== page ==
Last updated on: April 12th, 2022

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You’re looking at an interactive scenario from Clinical Sense (one of four distinct learning formats available in Clinical Odyssey). Try it out, and have fun improving your clinical skills.

Stoned II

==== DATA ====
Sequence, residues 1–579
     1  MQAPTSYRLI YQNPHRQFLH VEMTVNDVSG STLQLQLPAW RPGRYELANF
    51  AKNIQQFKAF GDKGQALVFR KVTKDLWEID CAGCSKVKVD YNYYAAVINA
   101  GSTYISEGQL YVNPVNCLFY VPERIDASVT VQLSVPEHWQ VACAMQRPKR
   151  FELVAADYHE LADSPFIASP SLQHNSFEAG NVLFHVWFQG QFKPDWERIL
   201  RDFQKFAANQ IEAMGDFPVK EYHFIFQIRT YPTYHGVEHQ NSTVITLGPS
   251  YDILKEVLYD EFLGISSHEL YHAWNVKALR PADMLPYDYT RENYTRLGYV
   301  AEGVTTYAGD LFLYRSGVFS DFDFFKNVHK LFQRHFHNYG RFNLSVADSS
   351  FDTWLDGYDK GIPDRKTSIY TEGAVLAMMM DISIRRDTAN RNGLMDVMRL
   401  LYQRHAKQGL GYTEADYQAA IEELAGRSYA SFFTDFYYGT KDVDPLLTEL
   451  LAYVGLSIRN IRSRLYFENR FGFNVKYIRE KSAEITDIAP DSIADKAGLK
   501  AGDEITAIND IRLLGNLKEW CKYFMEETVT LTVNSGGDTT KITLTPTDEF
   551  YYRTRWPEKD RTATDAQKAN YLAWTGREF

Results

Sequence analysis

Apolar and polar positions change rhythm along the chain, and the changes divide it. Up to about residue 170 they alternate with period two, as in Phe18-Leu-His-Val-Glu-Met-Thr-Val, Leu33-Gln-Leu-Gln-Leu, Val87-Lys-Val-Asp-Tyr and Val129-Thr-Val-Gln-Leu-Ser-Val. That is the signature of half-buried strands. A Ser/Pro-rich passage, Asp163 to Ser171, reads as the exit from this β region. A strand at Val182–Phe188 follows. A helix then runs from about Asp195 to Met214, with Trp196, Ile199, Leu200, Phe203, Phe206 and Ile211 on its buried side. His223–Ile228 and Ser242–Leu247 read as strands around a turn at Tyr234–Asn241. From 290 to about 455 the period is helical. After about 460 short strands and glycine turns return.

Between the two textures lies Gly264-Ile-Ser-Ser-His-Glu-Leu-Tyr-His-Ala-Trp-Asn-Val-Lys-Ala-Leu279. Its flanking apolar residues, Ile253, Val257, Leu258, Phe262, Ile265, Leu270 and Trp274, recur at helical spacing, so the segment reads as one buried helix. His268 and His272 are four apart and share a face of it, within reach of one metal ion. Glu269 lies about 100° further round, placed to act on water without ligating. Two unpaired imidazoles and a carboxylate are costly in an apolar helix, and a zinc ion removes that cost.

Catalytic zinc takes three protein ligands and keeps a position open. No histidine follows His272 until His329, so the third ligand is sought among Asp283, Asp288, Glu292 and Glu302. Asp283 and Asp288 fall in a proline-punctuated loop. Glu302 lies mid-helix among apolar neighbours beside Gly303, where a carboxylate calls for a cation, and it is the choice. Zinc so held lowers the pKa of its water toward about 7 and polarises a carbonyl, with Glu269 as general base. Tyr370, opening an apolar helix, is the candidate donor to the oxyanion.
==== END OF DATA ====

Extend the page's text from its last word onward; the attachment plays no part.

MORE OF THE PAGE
Clive, a 52-year-old store clerk, has had fever and right-sided abdominal pain since waking up today. He had a similar episode of pain without fever 11 months ago; at that time, he was found to have a 2 mm x 3 mm x 5 mm stone lodged in the right ureterovesical junction (UVJ). He was treated with medical expulsive therapy. After passage, the stone was found to be formed from magnesium ammonium phosphate. His comorbidities include type 2 diabetes mellitus, hypertension, and dyslipidemia, all for five years. These are well-controlled on metformin, telmisartan, and rosuvastatin. He is not on any other medications. His family history is unremarkable. There is no history of allergies to drugs or foods. He does not smoke and only drinks socially.

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